'Netanyahu is following in Sharon's footsteps'

Former PM spokesman Net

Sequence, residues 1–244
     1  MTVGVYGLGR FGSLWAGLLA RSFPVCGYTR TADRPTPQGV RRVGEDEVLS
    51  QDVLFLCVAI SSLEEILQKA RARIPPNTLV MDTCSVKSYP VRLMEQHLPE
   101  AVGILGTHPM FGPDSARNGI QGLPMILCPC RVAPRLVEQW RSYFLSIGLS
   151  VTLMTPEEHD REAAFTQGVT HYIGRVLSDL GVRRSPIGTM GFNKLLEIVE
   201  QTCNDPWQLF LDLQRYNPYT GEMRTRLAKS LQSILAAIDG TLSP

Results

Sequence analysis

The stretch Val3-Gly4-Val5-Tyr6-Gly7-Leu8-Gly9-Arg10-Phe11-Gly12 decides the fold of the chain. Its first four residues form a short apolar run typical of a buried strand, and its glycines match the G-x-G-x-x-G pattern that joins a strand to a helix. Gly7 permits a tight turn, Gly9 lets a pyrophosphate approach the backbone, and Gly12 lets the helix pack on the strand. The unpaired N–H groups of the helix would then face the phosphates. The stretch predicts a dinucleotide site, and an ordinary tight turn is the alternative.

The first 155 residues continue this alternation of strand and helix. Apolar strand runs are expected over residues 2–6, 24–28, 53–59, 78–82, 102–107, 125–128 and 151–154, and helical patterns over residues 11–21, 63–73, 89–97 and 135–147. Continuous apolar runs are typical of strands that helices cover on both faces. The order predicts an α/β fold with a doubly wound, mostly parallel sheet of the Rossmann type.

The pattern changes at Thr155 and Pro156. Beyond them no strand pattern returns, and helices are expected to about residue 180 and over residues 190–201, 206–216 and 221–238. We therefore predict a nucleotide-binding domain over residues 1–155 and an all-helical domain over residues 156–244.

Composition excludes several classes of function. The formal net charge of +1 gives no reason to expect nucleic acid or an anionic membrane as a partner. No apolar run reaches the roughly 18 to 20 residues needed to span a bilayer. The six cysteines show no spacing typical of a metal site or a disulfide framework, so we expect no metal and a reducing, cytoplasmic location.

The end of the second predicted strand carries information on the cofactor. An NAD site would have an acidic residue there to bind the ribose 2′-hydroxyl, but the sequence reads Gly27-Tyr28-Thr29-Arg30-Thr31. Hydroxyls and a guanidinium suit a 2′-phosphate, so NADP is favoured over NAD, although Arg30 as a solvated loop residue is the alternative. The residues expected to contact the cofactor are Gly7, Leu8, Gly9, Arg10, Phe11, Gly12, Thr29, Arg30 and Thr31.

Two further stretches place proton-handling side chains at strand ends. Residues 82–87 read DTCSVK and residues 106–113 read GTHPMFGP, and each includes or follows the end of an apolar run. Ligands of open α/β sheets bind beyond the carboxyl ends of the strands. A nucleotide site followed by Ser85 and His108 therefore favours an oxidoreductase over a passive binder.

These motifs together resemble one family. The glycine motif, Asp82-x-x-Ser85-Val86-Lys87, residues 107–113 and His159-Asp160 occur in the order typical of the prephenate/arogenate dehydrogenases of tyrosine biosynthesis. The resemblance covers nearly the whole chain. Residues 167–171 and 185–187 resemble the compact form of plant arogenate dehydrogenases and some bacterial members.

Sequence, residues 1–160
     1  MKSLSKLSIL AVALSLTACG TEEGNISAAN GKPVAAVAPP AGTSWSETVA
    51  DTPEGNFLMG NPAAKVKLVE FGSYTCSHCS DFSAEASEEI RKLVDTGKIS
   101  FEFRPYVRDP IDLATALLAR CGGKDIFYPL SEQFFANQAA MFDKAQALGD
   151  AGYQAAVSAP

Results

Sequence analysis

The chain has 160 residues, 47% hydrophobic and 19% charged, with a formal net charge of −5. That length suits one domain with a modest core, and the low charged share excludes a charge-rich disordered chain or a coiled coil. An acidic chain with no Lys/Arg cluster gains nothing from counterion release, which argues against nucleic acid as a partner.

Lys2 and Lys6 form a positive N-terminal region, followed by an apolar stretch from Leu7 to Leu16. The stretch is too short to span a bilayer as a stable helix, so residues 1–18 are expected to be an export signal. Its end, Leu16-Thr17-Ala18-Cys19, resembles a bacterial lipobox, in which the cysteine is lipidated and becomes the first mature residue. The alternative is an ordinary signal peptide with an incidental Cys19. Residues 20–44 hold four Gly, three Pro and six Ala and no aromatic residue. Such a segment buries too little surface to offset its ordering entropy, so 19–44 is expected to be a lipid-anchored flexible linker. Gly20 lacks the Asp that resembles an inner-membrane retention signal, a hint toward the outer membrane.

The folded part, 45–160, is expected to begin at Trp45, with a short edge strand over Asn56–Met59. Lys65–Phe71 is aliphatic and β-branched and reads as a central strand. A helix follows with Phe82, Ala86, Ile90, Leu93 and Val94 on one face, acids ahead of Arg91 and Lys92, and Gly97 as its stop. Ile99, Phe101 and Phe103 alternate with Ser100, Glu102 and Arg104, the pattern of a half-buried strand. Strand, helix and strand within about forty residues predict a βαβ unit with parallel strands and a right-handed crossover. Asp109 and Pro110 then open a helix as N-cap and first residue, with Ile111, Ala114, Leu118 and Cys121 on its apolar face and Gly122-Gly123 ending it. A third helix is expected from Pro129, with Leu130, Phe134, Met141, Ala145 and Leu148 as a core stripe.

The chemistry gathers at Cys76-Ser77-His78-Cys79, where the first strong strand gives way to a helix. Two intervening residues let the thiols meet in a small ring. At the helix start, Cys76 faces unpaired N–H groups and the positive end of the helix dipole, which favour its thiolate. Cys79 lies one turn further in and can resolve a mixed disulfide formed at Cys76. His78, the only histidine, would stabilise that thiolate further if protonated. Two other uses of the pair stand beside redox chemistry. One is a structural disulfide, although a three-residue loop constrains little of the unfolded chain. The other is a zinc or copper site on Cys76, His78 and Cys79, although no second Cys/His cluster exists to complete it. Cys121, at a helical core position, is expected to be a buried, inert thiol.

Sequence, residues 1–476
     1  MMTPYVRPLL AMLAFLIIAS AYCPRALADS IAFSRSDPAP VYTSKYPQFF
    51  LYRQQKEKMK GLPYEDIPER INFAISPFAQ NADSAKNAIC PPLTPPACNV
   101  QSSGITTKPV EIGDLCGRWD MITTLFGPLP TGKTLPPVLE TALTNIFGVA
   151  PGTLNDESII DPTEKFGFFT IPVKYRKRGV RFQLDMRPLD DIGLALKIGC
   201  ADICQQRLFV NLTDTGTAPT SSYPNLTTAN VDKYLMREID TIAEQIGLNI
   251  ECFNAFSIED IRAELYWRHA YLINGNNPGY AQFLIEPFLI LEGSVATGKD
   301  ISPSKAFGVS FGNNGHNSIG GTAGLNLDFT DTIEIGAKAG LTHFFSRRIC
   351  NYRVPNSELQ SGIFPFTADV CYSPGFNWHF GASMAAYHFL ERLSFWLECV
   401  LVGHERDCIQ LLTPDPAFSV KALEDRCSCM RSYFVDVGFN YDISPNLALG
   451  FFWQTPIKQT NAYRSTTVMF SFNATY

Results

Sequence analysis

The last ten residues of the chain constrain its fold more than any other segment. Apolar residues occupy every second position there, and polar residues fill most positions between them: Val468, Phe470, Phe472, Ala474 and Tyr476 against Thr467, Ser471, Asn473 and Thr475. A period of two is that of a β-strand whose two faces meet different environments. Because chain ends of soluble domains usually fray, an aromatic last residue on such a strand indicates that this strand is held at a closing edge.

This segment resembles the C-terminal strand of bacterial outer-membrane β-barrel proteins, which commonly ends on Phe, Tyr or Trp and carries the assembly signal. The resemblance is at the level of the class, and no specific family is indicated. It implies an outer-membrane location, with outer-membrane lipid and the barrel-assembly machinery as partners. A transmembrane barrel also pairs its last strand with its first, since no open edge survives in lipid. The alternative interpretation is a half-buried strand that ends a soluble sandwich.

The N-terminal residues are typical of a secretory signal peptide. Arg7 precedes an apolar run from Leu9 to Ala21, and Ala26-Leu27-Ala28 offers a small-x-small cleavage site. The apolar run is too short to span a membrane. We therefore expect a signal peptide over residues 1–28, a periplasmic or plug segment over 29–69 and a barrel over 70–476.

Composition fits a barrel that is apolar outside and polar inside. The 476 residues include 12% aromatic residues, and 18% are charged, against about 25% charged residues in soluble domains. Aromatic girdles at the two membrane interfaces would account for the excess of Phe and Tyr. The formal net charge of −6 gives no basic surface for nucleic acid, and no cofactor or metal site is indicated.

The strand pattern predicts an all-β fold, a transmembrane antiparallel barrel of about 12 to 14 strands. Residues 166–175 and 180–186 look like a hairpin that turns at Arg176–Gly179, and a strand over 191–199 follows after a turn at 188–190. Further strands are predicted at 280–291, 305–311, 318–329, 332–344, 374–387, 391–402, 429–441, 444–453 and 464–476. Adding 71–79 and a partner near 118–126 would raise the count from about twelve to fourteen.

Prime Minister Binyamin Netanyahu, who was one of the most vocal critics of former prime minister Ariel Sharon, has ironically proven to be his political heir, Sharon's longtime spokesman Ra'anan Gissin said Sunday, on the eve of the fourth anniversary of the stroke that ended Sharon's political career. Gissin, who worked for Sharon for a decade, noted that Netanyahu, like Sharon, moved to the center of the political map after becoming prime minister, formed a national-unity government, and is expected to approve a prisoner exchange with the Palestinians. He said Netanyahu followed the "Sharon school of thought" when he unilaterally froze West Bank construction and negotiated territorial compromise with the Americans before doing so with the Palestinians. "Those who claimed to be Sharon's successor failed because the tsunami waves that came after his disappearance were too much for them," Gissin said. "The tragedy is that his fiercest critics such as Netanyahu turned out to be his real successors. Netanyahu hasn't formed a Kadima, but he has realigned his own party in the Center to allow himself to make the decisions he has to make regarding the fate of the Palestinians." Sharon has been in a coma since his second stroke on January 4, 2006, and is still connected to life support systems at the Chaim Sheba Medical Center in Tel Hashomer. Gissin said that were he to wake now, he would be disappointed by the outcome of at least two of his ventures: The Gaza Strip withdrawal and Kadima. "If he looked at Kadima, he would say this baby was taken out of the incubator way too early," Gissin said. "It's not what he wanted. The ripple effect of his premature departure is still felt four years later." Other Sharon advisers said Netanyahu still had to prove himself before they would mention him in the same breath with their former boss. If he followed through with pullbacks in the West Bank, they would respect Netanyahu, but he would then have to apologize to Sharon for criticizing him so fiercely. "Netanyahu is now facing the same poison from extremist elements in his party that Sharon did from him, but without the leadership and courage that Sharon had," former Sharon strategist Lior Chorev said. "The question is whether Netanyahu has the courage to understand that leadership has a price and will 'walk the walk' and not just 'talk the talk.' Bibi hasn't proven yet that he will do what he says. We are waiting to see if he will be a leader or a slave of his Likud." Sharon's legislative adviser Oren Magnezy said it was unfair to compare Sharon to any current leader, because he was larger than life. He said Netanyahu was imitating some of Sharon's tactics, but he remained unconvinced that he had actually changed his opinions the way Sharon did in his shift away from the Right. "We will only see if he has really changed if he takes on the settlers and his political base," Magnezy said. "When I believe he has made the leap into compromise, he will have to apologize to Sharon, but I don't think he has made that leap yet." Sharon's political adviser Erez Halfon, who is currently vice chairman of the Nefesh B'Nefesh aliya organization, said Sharon personally had a difficult time with the Gaza Strip disengagement, but he thought it would bring Israel security, and a diplomatic horizon and show the world who is for peace and who is not. He said he did not know how Sharon would feel if he saw the result of it and that it was still too early to judge the move. "Sharon will be remembered as a real bulldozer who could move things in every office he held," Halfon said. "I still hope a miracle happens and he is allowed to end his life in the country he loved so much in a very different way than the tragic situation he is in right now." Sources close to Netanyahu responded to the criticism by saying that the prime minister hoped Sharon would make a full recovery but that he did not intend to model his premiership after his. "Netanyahu is not following the path of Sharon and he still criticizes the disengagement all the time," a source close to Netanyahu said. "The prime minister wishes Sharon a full recovery so they can argue again in the future."